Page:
Rediscovering Discipleship: Making Jesus’ Final Words Our First Work by Robby Gallaty. Grand Rapids: Zondervan, 2015. 237 pages. Reviewed by K. Brandon Dobson.
“If Jesus had a model and a plan [for discipleship] shouldn’t we have one?” (101). These were the words that transitioned a normal book on discipleship, into a convicting evaluation of my life and church. The process I went through forced me to ask the question,”if someone grew up in our church and attends everything your church has to offer what sort of follower of Jesus would they become?” Our church’s mission is to lead people to become fully devoted followers of Jesus Christ and with an honest assessment, I could not say that “fully” genuinely describes our discipleship process.
Across America, other church leaders are coming to similar conclusions. Many are scrambling, trying to find a solutions for the thousands of people walking away from the church, and I personally believe (and book sales suggest) a deficiency in discipleship is a major contributor.
Responding to this cultural chaos is a seemingly endless amount of books introducing a solution. Robby Gallaty, Ph.D alumnus from New Orleans Theological Seminary and pastor of Long Hollow Baptist Church in Tennessee, presents his solution with Rediscovering Discipleship: Making Jesus’ Final Words Our First Work which must be considered.
Gallaty begins his book transparently, acknowledging his motive for writing the book is “not to raise the banner of discipleship; it’s a clarion[loud and clear] call for cultivating a deeper walk with Christ” (15). He believes that making disciples is an obedience issue and a byproduct of growing closer to Jesus. Clearly, followers of Jesus would agree that He had something in mind for them following His ascension. All four gospels and the Book of Acts paints this picture calling His followers to replicate themselves through making disciples ( Matt 28:18-20; Mark 16:15-16; Luke 24:46-49; John 20:21-22, and Acts 1:8).
Obviously, fully devoted followers of Jesus do not walk away from Jesus…they run towards Him as their take His words seriously. Therefore, something must be done, and Gallaty insists that discipleship must be rediscovered and with a return to Scripture it can be accomplished (15).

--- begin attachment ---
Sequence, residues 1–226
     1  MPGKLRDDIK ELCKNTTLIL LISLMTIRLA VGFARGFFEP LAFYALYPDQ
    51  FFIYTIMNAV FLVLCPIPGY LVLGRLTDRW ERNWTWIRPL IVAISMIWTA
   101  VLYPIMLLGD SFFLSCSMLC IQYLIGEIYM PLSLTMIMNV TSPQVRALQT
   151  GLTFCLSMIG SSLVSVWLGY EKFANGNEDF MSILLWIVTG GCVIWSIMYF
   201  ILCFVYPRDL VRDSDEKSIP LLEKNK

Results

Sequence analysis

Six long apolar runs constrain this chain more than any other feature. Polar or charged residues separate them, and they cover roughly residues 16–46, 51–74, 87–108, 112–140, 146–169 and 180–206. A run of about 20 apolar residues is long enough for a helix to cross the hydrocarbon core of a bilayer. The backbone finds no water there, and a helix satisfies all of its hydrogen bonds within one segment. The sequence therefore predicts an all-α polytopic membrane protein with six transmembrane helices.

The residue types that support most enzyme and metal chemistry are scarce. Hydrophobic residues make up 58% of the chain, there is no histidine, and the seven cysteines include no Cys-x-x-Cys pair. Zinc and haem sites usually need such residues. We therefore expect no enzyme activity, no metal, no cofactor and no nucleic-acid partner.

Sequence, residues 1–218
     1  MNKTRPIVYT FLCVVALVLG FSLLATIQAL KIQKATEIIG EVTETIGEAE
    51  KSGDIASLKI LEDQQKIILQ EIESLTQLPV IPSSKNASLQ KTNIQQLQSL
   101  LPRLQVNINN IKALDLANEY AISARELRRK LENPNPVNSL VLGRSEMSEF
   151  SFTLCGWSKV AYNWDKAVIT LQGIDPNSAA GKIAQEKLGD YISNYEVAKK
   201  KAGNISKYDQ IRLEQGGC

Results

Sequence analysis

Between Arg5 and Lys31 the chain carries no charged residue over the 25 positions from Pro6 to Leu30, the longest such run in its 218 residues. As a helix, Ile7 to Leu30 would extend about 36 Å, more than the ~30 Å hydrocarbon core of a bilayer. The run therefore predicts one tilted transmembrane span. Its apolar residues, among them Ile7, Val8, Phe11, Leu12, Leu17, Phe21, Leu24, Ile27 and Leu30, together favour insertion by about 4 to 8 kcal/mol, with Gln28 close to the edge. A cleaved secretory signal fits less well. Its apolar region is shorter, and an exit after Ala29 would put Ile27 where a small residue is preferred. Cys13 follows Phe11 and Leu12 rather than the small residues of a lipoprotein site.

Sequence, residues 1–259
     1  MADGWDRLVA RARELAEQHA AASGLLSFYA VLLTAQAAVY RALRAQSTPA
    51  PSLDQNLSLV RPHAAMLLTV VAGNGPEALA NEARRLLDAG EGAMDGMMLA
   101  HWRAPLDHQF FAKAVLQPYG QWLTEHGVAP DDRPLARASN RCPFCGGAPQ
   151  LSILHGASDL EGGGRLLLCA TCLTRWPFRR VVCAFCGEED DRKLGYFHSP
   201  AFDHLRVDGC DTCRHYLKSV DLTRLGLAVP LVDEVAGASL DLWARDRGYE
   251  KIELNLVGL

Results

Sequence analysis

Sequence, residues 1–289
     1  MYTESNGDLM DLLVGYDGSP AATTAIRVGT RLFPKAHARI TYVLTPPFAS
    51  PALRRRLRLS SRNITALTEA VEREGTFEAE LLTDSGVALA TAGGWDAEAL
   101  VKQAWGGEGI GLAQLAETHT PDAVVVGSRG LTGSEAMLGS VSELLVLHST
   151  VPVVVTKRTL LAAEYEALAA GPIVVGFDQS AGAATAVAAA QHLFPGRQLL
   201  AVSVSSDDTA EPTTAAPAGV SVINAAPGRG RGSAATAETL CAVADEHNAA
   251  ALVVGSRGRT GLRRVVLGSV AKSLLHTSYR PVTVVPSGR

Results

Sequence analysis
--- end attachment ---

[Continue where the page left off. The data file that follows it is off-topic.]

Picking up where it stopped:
In Rediscovering Discipleship, Gallaty chose to breakup his thirteen chapters into two major parts. Part 1 is entitled, “Know the Man Before You Go on the Mission.” In seven chapters he explains the Scriptural command and displays discipleship’s place in church history.
Gallaty highlights the reality that Jesus had an intentional plan for making disciples. As His Rabbi contemporaries, he had a four step process for discipleship (29). First, Jesus ministered and his disciples watched him. Second, Jesus allowed the disciples to assist in the ministry. Third, the disciples did the ministry themselves. Finally, Jesus watched as the disciples ministered to others (36).
Part II of the book, “The Method of Making Disciples” is where Gallaty applies the calling of Jesus- with the methodology of Jesus- to present a model for discipleship in the twenty-first century. In six chapters, he explains what he feels is a biblically informed methodology for making disciples. It is worth noting that his process is not mere theory. The author experienced a similar process which led to his own discipleship through International Mission Board President, David Platt. Gallaty would go on to turn his experience of becoming a disciple into his former church’s, Brainerd Baptist Church in Chattanooga, Tennessee, primary means of leading people to become fully devoted followers of Jesus Christ (69).
It is obvious that Rediscovering Discipleship: Making Jesus’ Final Words Our First Work, was birthed out Gallaty’s personal convictions. His passion for making disciples and being obedient to the commands of Jesus is inspiring. From beginning to end, he uses Scriptures, church history, and Jesus’ methodology to paint a picture of possibility for local churches not mere condemnation.
I can honestly say that I enjoyed reading this book. I found it was refreshing and well written. However, I do have a few suggestions to be considered. First I believe the addition of case studies would considerably enhance and bring further credibility to Gallaty’s proposal. I appreciate hearing how his former church embraced the vision for intentional discipleship, but have other churches experienced similar success from his particular d-group methodology?
A second critique I have is concerning the thesis development. In general, I felt this book was an informative and well written. However, I noticed from reviewing this book something I had not initially noticed while reading. I believe chapters two and three could have been eliminated without his thesis losing any enhancement. I found the content to be educational, but not essential and possibly distracting from his primary message.
Rediscovering Discipleship joins a seemingly overpopulated but ever-growing list of books responding to dire situation confronting the 21st Century American Church. During a time when so many have suggestions, I believe Gallaty provides a practical and beneficial methodology. It begins a conversation that I believe has the potential to lead followers of Jesus …to take the Words of Jesus…seriously.
I truly believe that this book would help you grow in your love for Jesus Christ and His Mission. (Luke 19:10)